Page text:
I found this to work, yet there are some inconsistencies in PHP's DateTime class.

If the departing date is a sunday the previous monday is not considered the same week (fixed by this class). But departing from a monday, the next sunday is considered as the same week. If they fix that in the future this class will need some additions.

class EuroDateTime extends DateTime {

// Override "modify()"
public function modify($string) {

    // Change the modifier string if needed
    if ( $this->format('N') == 7 ) { // It's Sunday and we're calculating a day using relative weeks
        $matches = array();
        $pattern = '/this week|next week|previous week|last week/i';
        if ( preg_match( $pattern, $string, $matches )) {
            $string = str_replace($matches[0], '-7 days '.$matches[0], $string);
        }
    }
    return parent::modify($string);

}

}
2

There's nothing to stop you manually modifying a date to get the "first" day of the week, depending on your definition of "first". For instance:

$firstDayOfWeek = 1; // Monday
$dateTime = new DateTime('2012-05-16'); // Wednesday

// calculate how many days to remove to get back to the "first" day
$difference = ($firstDayOfWeek - $dateTime->format('N'));
if ($difference > 0) { $difference -= 7; }
$dateTime->modify("$difference days");

var_dump($dateTime->format('r')); // "Mon, 14 May 2012 00:00:00 +0000"

Notice how the output changes as you vary $firstDayOfWeek; if it was changed to 4 above (Thursday), it would then consider Thu, 10 May 2012 as the "first" day.

Edit: this is a rather basic example. The correct way to do this is by using the user/system's locale to give you the "first" day, and compute from there. See this question for more information.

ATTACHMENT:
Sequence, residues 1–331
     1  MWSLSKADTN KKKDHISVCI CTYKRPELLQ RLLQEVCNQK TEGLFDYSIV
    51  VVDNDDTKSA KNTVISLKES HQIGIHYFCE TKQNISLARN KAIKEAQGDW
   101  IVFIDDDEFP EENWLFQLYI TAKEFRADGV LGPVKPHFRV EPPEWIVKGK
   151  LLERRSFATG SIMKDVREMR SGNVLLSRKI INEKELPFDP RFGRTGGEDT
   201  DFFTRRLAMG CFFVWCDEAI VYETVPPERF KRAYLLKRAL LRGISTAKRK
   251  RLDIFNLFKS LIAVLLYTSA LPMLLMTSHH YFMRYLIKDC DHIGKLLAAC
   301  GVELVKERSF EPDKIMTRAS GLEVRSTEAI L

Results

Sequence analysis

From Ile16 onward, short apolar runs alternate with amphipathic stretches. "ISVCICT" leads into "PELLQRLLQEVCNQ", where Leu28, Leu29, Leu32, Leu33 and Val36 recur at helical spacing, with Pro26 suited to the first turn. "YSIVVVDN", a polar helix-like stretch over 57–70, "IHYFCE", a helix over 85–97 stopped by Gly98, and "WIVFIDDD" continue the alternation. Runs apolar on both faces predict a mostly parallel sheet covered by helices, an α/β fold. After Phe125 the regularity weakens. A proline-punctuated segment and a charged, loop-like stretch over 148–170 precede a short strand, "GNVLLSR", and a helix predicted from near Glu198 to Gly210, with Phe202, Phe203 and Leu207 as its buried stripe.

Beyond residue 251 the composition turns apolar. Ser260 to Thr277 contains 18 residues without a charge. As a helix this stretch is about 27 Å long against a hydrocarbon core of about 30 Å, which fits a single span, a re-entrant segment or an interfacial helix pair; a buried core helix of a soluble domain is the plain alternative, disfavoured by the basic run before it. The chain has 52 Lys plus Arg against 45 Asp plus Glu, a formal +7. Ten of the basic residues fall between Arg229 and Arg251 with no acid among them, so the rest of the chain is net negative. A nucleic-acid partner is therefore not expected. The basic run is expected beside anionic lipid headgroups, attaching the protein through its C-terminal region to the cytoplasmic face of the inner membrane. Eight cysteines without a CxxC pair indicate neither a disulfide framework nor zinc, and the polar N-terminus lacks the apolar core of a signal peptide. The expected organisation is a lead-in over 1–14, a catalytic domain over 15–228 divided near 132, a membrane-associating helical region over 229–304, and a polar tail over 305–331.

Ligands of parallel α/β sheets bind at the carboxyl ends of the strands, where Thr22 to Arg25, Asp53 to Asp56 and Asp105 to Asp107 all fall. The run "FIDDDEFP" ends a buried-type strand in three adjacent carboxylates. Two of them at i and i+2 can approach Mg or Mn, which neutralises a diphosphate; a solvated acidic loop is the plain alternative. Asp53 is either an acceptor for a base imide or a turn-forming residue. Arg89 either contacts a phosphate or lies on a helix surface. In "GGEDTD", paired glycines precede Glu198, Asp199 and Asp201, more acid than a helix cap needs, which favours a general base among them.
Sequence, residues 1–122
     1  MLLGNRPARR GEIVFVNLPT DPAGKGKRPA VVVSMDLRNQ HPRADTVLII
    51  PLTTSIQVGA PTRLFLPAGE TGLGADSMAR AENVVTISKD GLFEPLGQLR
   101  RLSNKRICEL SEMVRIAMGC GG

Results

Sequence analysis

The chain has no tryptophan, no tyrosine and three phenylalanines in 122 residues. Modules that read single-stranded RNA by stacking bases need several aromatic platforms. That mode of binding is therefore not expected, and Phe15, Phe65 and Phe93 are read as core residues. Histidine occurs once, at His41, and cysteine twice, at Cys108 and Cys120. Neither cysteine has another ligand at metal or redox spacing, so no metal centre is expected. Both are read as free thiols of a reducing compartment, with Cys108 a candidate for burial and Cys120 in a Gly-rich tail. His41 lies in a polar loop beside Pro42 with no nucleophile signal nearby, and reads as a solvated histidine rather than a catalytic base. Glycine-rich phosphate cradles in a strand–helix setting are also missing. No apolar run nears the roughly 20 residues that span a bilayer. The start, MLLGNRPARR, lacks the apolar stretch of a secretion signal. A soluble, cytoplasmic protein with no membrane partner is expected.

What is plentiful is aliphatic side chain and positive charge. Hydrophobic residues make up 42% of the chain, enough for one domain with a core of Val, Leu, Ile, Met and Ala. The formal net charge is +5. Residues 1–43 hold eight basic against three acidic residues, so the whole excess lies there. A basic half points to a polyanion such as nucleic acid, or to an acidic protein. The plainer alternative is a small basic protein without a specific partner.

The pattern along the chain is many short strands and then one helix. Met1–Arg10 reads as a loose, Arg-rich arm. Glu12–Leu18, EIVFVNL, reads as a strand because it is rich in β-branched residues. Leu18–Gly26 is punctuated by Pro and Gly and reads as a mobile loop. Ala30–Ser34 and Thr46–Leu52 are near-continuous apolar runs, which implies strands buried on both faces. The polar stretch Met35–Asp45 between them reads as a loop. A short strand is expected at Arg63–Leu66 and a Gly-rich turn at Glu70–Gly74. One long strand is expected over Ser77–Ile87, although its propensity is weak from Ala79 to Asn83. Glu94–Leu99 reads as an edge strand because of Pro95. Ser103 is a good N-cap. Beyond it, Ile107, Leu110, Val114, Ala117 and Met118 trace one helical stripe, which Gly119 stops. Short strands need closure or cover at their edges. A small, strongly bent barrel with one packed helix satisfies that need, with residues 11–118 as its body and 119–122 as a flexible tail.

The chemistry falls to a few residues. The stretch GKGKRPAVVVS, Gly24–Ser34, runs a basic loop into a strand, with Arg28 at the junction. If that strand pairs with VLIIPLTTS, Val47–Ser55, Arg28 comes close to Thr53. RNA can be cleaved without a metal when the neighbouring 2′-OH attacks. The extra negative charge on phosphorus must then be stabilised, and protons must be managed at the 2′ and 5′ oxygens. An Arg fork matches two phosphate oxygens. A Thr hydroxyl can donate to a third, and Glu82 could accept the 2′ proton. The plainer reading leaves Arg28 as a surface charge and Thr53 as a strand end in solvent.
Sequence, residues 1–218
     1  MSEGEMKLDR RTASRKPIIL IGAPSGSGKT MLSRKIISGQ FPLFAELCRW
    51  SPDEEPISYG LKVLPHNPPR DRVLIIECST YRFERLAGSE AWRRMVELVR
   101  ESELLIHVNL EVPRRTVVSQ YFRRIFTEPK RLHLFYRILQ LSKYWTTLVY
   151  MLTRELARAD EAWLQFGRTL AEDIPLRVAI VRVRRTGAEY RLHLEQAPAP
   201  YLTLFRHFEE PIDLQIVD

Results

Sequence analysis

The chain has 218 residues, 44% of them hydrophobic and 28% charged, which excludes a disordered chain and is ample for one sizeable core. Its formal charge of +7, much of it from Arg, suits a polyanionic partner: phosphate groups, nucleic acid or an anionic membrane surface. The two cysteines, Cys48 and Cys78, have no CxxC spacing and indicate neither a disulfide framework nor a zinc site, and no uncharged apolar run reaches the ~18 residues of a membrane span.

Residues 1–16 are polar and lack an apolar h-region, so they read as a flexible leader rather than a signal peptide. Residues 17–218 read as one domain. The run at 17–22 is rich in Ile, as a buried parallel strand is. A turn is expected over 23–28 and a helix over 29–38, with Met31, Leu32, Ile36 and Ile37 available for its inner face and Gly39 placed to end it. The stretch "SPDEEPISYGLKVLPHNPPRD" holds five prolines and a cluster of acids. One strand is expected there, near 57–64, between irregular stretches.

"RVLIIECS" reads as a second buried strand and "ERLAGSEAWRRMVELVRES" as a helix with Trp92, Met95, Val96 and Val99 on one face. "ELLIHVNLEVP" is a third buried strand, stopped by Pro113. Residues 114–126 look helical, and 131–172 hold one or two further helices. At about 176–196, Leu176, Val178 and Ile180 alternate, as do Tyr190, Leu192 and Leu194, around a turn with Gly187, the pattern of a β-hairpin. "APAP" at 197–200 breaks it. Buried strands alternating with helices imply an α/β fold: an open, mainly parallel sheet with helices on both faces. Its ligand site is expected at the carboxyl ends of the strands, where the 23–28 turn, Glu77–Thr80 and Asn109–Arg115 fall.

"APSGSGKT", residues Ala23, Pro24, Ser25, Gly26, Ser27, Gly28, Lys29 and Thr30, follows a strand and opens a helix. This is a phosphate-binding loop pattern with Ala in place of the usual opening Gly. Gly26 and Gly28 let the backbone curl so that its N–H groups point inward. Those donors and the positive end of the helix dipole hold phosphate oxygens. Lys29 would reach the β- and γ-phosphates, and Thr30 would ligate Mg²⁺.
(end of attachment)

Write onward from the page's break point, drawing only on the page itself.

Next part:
• Thanks cbuckley, does this mean that the DateTime class itself cannot be set to use monday as the first weekday natively? – Edward Oct 29 '12 at 20:51
  • For anything smarter, the correct way to do it would be using the locale. I've added an update to that effect. – cmbuckley Oct 29 '12 at 21:08
  • cbuckly, I don't think the locale update got through. I'm trying to write a class now based on your example that will intercept anything that goes like 'next week', 'this week', 'last week' and changes it. Dunno if i'm just wasting my time.. – Edward Oct 29 '12 at 21:14
0

I too am confused about what the problem is, because DateTime does have a notion of the week starting from Monday: The N format gives you the days of the week counting from Monday to Sunday, with Monday being 1 and Sunday being 7. Moreover, the W format, the only way to get a week number, also starts the week on Monday. (I seem to remember that Dutch week numbers aren't exactly like ISO week numbers, but that's a different story). So what feature are you missing exactly?

Edit So the problem is (only?) that the relative datetime formats, such as "Monday this week" give the wrong result when the reference date is a Sunday. From the docs it sounds like DateTime just defers to strtotime, which is supposed to be locale-dependent. So if you have your locale set properly and this is not working, it sounds like a bug (for what that's worth).

  • 1
    Try this:$test = new DateTime('2012-11-04'); echo $test->modify('Monday this week')->format('Y-m-d'); // 2012-11-05 // I expect to get 2012-10-29 – Edward Oct 29 '12 at 22:43
  • 1
    I see; so the English specifications for relative offsets don't come in a Monday-first variant. – alexis Oct 29 '12 at 23:34
  • Exactly ....sucks for the all the countries that consider Monday the first day of the week. And I just found out the PHP DateTime extension was written by a Dutch guy.... #WayToGoDerickRethans – Edward Oct 29 '12 at 23:49
0

You can also get the start and the end of the week with setISODate, the last parameter is the ISO-daynumber in the week, monday is 1 and sunday 7

$firstday = new \DateTime();
$lastday = clone($firstday);
$firstday->setISODate($firstday->format("Y"),$firstday->format("W"),1);
$lastday->setISODate($firstday->format("Y"),$firstday->format("W"),7);